So you have said to yourself – to hell with the bloody virus – i’m fit, healthy and have friends in London where I can spend a couple of weeks in quarantine if necessary.

You talk to your travel agent and hit hurdle one. If you are an Australian citizen or a permanent resident you discover you can’t leave Australia due to COVID-19 restrictions unless you have an exemption. You must meet at least one of the following:
• your travel is as part of the response to the COVID-19 outbreak, including the provision of aid
• your travel is essential for the conduct of critical industries and business (including export and import industries)
• you are travelling to receive urgent medical treatment that is not available in Australia
• you are travelling on urgent and unavoidable personal business
• you are travelling on compassionate or humanitarian grounds
• your travel is in the national interest.
Let’s assume you qualify for an exemption. Given all the very real uncertainties, travel insurance is an absolute essential right?
Well, yes but welcome to hurdle two. Leading Australian corporate travel agent Max Najar will tell you that the agency cannot issue any quality travel insurance for your trip – and that you need to carefully read the PDS of any external insurers. “As well as the fact that you are not going to be covered if the coronavirus taps you on the shoulder – how about the possibility of an accident in say the US or Europe Max wonders.  Or public liability charges if you are involved in injuring another human somewhere? Max says his agency, Axis Travel in Adelaide, has certainly “lost” potential new clients to other travel agencies but he is happy with the fact that his regulars have listened to his advice and not travelled.
“You also need to ponder the possibility of your destination country imposing a new lockout law. “No insurer will cover these hibernation and return travel costs,” Max says.
“So basically, we are telling our clients not to travel overseas unless they sign a disclaimer stating they accept full responsibility to travel solo-uninsured.”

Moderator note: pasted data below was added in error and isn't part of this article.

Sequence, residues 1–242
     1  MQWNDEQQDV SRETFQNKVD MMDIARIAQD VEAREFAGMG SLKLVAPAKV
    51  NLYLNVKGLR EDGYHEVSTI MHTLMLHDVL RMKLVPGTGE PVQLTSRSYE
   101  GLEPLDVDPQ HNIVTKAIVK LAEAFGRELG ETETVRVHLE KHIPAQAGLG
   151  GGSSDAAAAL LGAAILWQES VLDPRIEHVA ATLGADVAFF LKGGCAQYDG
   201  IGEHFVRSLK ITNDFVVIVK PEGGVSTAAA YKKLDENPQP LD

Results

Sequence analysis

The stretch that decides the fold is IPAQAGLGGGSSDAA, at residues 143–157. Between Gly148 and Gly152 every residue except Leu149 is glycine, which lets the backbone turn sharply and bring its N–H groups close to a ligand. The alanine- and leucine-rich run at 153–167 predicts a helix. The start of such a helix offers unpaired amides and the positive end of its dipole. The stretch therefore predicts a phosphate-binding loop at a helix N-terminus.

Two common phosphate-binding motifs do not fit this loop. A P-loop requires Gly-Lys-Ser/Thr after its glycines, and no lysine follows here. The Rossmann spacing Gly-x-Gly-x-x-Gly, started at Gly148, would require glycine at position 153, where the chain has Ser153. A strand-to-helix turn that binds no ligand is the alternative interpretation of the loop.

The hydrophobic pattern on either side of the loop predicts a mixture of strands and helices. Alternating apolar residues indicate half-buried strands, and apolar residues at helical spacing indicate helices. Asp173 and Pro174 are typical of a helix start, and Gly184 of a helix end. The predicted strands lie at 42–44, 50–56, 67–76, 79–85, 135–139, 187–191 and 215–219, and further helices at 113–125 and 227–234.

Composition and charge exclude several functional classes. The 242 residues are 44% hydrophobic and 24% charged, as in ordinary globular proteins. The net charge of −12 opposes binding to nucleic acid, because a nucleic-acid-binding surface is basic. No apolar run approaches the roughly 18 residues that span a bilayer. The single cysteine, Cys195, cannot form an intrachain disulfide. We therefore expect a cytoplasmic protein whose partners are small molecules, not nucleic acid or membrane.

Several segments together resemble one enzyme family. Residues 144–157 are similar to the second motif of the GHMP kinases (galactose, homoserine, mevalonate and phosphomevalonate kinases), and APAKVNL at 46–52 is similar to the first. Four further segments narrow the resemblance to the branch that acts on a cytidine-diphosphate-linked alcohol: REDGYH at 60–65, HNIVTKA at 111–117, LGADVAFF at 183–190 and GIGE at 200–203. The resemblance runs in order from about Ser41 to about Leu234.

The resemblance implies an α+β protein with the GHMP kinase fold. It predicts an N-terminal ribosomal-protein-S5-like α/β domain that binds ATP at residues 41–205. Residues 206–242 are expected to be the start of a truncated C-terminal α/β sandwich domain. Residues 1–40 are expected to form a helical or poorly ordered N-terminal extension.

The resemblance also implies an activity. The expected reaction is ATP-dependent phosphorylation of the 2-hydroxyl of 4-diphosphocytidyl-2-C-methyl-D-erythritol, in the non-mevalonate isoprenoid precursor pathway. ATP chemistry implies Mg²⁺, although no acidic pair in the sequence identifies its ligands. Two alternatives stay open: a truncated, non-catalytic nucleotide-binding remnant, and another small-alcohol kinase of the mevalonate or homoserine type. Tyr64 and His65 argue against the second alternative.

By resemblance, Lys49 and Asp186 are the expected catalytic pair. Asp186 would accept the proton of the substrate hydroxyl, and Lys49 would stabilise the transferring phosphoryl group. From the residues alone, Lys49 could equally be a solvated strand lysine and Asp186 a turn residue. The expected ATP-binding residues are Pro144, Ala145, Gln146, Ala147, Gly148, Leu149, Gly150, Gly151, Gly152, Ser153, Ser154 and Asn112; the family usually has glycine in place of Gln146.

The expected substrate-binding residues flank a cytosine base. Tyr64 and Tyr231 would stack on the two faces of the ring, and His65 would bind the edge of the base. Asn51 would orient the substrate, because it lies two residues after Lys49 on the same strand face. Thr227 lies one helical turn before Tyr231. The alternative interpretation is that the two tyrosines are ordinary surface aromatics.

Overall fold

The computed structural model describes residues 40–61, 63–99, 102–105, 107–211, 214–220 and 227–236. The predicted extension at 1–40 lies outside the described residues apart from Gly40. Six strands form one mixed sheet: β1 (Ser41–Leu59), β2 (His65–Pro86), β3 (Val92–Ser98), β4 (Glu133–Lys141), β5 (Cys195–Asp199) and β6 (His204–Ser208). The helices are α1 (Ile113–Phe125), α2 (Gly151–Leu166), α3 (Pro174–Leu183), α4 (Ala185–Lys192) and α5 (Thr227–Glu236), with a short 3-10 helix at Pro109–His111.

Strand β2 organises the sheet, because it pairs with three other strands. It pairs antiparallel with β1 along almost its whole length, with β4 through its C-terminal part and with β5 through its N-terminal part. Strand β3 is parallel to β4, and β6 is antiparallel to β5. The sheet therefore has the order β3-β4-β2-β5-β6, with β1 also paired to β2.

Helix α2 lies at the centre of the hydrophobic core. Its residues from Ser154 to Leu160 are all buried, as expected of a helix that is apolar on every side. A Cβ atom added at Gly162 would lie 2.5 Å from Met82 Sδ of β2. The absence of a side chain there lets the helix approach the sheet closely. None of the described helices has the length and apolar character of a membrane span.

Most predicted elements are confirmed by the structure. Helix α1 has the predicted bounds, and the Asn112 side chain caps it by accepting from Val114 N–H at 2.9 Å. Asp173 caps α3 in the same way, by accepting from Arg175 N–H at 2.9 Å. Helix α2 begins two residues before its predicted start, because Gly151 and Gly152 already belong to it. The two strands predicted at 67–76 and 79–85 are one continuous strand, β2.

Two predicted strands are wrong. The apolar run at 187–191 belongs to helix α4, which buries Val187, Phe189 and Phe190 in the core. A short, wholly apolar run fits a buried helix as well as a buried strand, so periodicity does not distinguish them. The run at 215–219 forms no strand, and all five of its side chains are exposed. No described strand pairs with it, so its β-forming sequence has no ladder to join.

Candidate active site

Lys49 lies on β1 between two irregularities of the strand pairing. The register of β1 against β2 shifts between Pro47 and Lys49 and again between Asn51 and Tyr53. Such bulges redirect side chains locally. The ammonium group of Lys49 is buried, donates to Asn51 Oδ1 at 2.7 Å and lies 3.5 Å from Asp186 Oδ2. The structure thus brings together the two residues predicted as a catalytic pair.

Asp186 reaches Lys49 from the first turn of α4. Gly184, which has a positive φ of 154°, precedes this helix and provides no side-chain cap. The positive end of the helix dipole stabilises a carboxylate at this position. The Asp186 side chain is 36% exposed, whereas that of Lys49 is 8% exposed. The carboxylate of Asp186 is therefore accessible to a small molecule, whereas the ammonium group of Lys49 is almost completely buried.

Still interested?  Well how comfortable will the flight be to say London?
Welcome to hurdle three.
Let’s imagine you choose Qatar Airways out of your capital city.
According to the airline: Our continuous operations have enabled us to gain unrivalled experience in providing a healthy and safe travel experience for our passengers. In addition to the hygiene measures already in place, we have further enhanced our onboard safety measures with several updates including:
• Complimentary face shields that are required to be worn onboard in addition to face masks or coverings
• New protective kits for all passengers that include a face mask, large powder-free gloves and hand sanitiser gel
• New protective gowns for cabin crew that fit over their uniforms in addition to safety glasses, gloves and masks
• Modified on board service to reduce interactions between passengers and crew inflight
• Hand sanitiser on board all our flights, as well as throughout Hamad International Airport (HIA)
• Thermal Screening checkpoints and autonomous mobile disinfection units throughout HIA ensuring regular disinfection at high traffic points.
All very impressive and safe – but fun?

Like other carriers Qatar has an extended policy which allows you to make unlimited date changes, and to change your destination as often as you need if it is within 5,000 miles of the original one. Qatar will not charge any fare differences for travel completed before 31 December 2020, after which fare rules will apply. All tickets booked for travel up to 31 December 2020 will be valid for two years from the date of issuance.

Some security there at least – but who knows how much uncertainty and discomfort looms for the rest of your trip.
So, is overseas travel right now really worth the risk? I think not.
Written by Ian McIntosh